Cruise, the self-driving car startup that sold to General Motors last year, has reached a new milestone: it has a self-driving car model, based on its Bolt electric vehicle, that's now ready for the factory production line and ride-hailing passengers.
Why it matters: Cruise touts this new development as a giant step that puts it ahead of the competition. No one else, the company claims, has a "production design" self-driving car ready to roll off the factory line. This is also a reminder that unlike startups in the space, Cruise has the resources of a century-old automaker.
The car: Dubbed "Generation 3" (the company says it doesn't have a name for it yet), the new car has Cruise's latest iteration of sensors, self-driving software, and improvements to its interior.
- About 40% of parts are new or modified from the original Bolt electric car.
- It has a steering wheel (mostly due to current regulations that require wheels and safety drivers), though that may change down the line, Cruise co-founder Kyle Vogt hinted.
- This new car includes robust safety and redundancy systems so that in the event of a failure or issue in the self-driving tech, there are backups that will keep passengers safe. This was necessary as the car goes "from driving itself some of the time, to driving itself all of the time," Vogt said in reference to earlier models.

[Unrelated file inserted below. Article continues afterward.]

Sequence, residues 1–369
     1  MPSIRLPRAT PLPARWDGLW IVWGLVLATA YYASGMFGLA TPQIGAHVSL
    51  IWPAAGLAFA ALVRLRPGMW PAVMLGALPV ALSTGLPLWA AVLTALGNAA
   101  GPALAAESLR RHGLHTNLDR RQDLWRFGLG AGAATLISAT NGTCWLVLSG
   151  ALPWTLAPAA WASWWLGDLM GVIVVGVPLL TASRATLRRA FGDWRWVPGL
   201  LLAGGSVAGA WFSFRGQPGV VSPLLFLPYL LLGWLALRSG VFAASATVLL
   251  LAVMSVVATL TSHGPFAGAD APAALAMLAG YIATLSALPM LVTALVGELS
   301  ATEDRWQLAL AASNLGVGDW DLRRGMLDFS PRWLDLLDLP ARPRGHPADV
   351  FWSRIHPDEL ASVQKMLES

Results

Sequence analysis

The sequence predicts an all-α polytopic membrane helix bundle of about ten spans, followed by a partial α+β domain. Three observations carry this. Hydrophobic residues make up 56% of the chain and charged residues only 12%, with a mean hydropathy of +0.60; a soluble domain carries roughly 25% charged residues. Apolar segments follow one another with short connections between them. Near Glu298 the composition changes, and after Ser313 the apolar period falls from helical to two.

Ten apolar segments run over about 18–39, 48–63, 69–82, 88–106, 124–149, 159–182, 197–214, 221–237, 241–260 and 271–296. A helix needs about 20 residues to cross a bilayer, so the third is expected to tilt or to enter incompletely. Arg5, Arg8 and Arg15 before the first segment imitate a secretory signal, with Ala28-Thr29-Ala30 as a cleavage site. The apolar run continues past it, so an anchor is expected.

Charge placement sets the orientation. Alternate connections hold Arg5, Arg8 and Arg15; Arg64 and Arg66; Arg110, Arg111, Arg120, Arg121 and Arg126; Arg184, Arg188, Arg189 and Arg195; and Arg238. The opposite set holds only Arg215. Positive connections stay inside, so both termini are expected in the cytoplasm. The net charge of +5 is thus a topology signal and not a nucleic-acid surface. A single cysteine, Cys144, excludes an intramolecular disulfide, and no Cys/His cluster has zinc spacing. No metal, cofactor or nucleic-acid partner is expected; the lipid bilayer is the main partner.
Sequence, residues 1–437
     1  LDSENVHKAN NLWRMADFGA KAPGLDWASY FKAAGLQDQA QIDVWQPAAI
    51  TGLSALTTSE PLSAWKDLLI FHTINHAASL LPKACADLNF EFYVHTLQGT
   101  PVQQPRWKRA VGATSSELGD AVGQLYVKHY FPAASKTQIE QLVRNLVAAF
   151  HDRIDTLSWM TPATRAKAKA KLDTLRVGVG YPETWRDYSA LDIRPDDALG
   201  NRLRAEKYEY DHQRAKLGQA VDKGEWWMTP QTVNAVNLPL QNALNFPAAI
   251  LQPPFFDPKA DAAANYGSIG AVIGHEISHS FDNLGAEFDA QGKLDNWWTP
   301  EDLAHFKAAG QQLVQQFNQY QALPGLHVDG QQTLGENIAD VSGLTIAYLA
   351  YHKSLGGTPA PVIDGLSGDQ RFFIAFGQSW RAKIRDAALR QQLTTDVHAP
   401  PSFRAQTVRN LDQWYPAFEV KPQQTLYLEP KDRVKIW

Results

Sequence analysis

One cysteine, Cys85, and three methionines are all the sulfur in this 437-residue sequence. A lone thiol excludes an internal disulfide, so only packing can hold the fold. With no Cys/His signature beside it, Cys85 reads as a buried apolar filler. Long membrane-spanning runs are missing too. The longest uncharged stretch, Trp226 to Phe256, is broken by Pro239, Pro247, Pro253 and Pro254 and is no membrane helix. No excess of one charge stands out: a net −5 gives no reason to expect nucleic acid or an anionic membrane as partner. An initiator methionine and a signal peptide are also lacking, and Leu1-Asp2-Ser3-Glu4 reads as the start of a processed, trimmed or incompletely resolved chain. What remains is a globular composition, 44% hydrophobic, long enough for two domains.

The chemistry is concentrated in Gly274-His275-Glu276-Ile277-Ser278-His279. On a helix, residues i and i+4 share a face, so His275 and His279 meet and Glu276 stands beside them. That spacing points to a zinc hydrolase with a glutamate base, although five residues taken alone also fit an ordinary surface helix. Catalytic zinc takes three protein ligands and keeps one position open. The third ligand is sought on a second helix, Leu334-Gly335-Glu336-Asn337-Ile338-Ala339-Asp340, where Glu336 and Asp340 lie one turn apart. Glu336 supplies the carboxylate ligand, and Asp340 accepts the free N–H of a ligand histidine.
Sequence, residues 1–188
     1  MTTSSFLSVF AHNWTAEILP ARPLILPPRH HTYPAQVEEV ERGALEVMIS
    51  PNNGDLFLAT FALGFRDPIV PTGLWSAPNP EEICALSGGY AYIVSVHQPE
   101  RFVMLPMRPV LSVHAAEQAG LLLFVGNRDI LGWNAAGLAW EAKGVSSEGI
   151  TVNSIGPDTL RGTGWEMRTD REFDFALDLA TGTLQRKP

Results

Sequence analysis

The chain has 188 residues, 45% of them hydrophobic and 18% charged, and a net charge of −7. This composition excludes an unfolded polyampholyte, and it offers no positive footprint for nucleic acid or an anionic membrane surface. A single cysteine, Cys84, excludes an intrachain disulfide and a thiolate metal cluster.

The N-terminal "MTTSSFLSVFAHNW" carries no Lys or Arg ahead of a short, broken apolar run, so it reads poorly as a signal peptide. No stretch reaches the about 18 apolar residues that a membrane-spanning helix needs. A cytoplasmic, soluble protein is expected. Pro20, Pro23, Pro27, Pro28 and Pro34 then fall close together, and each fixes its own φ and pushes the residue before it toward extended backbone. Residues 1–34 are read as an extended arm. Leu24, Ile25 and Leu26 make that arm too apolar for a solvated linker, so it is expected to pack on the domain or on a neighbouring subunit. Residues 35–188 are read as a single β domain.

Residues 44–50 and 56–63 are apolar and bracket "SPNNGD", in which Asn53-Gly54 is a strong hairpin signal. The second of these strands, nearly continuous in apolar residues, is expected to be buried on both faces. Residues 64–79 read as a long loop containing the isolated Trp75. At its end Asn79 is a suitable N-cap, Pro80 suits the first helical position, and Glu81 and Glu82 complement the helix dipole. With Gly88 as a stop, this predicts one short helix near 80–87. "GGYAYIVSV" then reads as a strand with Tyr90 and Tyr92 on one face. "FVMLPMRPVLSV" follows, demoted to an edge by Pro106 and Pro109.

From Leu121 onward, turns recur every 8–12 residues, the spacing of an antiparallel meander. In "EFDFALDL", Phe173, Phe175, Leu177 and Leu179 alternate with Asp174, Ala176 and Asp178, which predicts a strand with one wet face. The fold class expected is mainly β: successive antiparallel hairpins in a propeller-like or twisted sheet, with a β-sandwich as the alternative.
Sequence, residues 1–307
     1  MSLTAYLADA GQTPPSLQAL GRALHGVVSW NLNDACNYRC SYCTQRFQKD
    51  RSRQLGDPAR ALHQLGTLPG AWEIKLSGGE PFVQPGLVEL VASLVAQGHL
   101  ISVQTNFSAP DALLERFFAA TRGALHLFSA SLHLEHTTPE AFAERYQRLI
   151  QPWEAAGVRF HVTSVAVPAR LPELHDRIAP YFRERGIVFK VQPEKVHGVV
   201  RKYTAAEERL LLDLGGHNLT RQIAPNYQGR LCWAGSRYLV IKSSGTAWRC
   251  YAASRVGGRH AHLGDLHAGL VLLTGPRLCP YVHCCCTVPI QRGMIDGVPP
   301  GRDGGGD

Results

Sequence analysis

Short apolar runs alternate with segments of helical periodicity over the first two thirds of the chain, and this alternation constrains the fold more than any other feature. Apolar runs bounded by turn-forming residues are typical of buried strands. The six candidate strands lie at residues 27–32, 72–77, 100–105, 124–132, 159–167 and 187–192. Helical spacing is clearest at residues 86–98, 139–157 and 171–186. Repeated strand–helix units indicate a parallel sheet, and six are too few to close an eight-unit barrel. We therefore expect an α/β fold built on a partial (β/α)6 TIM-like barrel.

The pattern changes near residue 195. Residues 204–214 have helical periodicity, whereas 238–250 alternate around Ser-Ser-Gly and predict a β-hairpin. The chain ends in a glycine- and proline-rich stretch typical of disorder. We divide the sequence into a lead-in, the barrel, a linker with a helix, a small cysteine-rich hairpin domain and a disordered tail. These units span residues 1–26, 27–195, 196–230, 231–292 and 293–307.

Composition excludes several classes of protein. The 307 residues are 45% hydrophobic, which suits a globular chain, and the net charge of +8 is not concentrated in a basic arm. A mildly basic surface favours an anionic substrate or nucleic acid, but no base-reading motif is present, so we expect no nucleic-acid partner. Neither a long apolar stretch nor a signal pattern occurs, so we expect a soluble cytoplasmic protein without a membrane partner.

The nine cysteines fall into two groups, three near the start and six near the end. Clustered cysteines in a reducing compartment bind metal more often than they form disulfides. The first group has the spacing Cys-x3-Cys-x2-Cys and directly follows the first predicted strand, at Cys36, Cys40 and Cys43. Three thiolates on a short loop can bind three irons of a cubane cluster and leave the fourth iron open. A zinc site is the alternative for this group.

- The cars will be assembled at GM's Orion plant in Michigan, according to Doug Parks, VP of autonomous technology.
Roll-out: So far, the company has produced about 50 of these cars and plans to ramp up manufacturing, though it declined to share details about the timeline. Cruise recently began to let its San Francisco employees hail rides in its self-driving cars and these third generation vehicles will soon be integrated into this fleet. Though these cars may someday be owned by consumers, Cruise is currently focused on how they perform in the context of a ride-hailing service (which also means costs are still high).
Gen 2: In a somewhat unusual move, Cruise is rolling out and testing more than one generation of its Bolt-based self-driving cars. Its "Generation 2" car, which executives describe as the "artisanal" version (no longer an initial model with various sensors cobbled together, yet not ready for the factory yet), is still fairly new and will continue to be on the road for tests even as the newer model comes off the assembly line. This generation has roughly twice as many sensors as the previous model, according to Parks, though he declined to say how many.
Still: Cruise has been shy to let outsiders try out its cars, so there are lot of questions remaining about their performance and the passenger experience. Others like Uber and Waymo have made those available to the public and press for some time now. It's also unclear how closely Cruise is working with Lyft, in which parent company GM invested $500 million last year, though Vogt says the companies are in touch.